Because I'm both a longtime user and fan of Linux (and the Open Source movement), I've been keeping up with the SCO controversy. I do get kind of annoyed at reading the same rehashed arguments over and over again, however. There are way too many overzealous pubescent over-caffeinated kids with not enough time away from the computer voicing their (cliched) opinions. Sure, SCO is acting like a childish doofbag; they're likely distorting or hiding something, but I find them humorous like a clumsy bully throwing blind punches after being poked in the eyes. I'm anxious to see what'll happen when IBM's deadline is up and the real fight begins. Then it'll be time for us to see how Linux's changelogs (and fully documented open source) can putteth the smakketch downeth. :)
On a different note, I was thinking about smoking. No, not like that. I was stuck in traffic (actually, I was getting on an on-ramp), and I thought about all these products to help stop people from smoking. So, what's supposed to happen when so many people stop smoking that people won't need these quit-smoking products anymore? It reminds me of something my friend had at Pitzer--it was a "club" consisting of single males, and its goal was to try to get its members girlfriends. Basically, the goal of the club was the elimination of the club.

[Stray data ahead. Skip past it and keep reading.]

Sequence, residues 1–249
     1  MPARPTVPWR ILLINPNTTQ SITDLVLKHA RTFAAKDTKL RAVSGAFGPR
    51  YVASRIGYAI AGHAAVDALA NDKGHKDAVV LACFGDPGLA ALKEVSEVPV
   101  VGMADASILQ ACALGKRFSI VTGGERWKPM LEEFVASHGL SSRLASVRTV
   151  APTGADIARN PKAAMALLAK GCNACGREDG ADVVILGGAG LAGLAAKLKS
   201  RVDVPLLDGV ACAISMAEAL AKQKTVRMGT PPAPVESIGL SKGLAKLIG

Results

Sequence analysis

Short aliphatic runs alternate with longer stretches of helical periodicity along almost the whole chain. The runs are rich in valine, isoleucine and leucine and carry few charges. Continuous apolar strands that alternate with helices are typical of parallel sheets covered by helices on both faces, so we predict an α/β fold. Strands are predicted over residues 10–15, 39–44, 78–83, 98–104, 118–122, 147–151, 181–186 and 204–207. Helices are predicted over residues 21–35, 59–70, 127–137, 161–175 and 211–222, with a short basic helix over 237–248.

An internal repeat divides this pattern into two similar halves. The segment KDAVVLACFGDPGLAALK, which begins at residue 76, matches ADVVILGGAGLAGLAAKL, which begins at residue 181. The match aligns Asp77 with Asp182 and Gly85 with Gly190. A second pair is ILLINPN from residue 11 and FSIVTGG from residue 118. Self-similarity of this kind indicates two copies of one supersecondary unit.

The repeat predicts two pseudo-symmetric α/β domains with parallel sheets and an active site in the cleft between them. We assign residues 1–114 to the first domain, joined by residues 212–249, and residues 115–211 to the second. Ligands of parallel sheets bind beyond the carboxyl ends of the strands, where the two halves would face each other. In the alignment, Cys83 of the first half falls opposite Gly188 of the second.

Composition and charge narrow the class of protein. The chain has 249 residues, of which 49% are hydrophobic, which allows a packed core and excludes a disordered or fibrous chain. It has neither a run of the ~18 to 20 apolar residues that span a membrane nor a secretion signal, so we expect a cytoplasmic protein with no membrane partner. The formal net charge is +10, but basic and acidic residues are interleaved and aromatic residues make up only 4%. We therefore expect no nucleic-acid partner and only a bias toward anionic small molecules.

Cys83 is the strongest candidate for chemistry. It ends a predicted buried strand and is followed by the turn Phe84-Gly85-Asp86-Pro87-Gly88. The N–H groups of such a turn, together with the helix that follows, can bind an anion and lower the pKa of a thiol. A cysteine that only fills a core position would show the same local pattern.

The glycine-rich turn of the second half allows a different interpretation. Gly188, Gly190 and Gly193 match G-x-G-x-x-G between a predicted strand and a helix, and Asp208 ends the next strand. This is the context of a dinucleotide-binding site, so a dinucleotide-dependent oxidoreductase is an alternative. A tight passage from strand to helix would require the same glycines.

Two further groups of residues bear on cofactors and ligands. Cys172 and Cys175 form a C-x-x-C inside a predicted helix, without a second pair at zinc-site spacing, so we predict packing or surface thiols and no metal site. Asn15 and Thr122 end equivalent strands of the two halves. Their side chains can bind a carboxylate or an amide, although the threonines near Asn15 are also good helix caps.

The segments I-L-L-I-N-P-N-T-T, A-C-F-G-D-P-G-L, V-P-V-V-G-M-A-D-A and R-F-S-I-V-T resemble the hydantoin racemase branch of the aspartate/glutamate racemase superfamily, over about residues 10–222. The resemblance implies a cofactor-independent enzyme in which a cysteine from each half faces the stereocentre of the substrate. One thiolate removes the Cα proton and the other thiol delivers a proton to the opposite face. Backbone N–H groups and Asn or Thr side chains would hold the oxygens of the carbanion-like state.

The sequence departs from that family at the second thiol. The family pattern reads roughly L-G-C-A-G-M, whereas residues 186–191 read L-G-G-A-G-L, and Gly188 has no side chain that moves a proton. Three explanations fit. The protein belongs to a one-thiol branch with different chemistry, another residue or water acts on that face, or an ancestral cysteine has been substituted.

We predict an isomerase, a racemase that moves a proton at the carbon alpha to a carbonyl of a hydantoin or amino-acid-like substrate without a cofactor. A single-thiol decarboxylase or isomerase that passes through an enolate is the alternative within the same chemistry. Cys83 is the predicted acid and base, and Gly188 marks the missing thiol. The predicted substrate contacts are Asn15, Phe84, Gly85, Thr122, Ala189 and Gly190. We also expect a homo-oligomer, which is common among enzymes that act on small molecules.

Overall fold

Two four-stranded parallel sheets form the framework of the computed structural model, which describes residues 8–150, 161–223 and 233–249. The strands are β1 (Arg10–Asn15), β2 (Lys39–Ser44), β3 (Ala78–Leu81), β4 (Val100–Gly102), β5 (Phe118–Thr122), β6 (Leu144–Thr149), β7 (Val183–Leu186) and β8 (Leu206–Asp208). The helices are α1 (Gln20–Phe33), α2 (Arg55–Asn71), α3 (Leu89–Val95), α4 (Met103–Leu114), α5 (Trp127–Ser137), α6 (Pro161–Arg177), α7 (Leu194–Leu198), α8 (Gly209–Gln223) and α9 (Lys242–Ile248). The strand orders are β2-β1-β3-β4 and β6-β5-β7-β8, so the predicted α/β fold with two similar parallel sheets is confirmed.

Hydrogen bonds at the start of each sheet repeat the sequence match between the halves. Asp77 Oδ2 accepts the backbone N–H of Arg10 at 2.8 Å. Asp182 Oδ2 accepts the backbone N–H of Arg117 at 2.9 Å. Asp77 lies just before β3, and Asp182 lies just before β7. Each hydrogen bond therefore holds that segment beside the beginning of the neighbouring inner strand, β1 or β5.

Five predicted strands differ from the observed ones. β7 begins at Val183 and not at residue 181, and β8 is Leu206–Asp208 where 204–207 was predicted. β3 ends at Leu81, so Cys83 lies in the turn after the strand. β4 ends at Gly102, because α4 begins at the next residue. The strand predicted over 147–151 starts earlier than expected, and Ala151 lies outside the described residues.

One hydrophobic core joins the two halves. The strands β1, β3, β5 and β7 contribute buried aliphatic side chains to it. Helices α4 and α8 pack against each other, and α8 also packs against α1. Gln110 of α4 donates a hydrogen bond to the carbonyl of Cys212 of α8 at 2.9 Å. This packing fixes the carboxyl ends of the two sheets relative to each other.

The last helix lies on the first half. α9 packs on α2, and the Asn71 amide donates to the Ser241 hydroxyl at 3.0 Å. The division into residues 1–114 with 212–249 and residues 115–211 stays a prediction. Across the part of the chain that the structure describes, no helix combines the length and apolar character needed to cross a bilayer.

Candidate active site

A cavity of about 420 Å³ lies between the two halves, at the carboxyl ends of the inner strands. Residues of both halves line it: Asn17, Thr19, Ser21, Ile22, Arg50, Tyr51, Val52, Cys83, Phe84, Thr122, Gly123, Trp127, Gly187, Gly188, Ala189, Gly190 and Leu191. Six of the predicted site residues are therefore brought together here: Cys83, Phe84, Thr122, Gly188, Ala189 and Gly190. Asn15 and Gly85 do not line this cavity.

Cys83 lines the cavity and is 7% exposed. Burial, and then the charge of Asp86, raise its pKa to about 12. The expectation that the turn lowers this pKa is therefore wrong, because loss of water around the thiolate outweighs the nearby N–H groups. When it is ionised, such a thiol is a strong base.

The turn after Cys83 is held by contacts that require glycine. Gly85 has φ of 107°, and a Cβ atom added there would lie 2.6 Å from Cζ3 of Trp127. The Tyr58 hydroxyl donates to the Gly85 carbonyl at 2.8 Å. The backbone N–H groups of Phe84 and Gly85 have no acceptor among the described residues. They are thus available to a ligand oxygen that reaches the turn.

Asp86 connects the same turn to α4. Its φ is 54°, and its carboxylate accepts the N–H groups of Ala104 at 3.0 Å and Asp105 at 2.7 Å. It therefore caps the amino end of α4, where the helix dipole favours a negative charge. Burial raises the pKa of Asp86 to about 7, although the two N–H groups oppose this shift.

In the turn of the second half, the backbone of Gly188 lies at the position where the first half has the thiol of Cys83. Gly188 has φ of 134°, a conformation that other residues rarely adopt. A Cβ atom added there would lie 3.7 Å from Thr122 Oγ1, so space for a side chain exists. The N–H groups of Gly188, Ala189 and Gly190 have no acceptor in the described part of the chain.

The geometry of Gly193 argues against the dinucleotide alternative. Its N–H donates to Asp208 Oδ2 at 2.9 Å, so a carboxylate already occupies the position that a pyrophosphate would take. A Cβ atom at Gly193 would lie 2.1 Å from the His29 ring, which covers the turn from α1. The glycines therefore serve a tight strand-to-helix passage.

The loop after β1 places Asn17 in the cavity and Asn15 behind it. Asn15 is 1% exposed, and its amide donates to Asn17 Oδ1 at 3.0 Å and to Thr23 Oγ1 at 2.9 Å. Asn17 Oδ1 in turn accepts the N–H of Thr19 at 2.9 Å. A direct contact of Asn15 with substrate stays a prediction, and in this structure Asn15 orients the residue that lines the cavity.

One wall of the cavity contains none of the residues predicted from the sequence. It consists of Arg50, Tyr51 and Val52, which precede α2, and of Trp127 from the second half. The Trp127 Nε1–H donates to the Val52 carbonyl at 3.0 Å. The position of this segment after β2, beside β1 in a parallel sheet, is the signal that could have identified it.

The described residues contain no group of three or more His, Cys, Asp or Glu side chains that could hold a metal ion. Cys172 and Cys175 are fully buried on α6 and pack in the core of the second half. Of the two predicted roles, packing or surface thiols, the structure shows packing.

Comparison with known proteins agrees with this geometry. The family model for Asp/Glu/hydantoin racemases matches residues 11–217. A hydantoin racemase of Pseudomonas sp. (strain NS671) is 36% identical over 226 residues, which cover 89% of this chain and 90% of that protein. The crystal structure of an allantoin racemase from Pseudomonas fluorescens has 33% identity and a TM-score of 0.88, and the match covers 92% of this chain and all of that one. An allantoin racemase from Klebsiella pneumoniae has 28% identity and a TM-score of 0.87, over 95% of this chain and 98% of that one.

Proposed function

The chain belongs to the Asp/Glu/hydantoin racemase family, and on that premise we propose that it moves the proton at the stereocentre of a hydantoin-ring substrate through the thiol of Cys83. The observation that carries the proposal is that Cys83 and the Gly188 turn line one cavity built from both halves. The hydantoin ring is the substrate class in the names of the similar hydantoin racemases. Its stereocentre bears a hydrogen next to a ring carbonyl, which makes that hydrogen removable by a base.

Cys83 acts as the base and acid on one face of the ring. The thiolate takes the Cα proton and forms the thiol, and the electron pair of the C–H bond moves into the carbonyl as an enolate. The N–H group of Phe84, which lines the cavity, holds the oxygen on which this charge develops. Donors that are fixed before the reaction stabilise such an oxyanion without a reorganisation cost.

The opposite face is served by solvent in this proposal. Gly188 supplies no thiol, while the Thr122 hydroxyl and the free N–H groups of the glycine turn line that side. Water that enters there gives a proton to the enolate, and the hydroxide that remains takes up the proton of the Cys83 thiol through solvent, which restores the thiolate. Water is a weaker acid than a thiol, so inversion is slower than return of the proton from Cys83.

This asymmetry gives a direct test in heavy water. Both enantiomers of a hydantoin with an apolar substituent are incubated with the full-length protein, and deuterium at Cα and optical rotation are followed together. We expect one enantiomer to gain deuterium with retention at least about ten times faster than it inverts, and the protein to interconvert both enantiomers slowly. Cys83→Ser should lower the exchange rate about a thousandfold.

Now, conspiracy theorists might think that members of the tobacco industry are actually behind these quit-smoking products. Oh, that'd be a sneaky tactic indeed: profitting off of the anti-smokers. That way, they can make money from the people who are getting off of their products too. There is, however, the problem of how to leech off more of people's money once they're done with both the cigarettes and the patches. Hmm...
Then, I have my thoughts about multi-national corporations--but that's a topic for another day.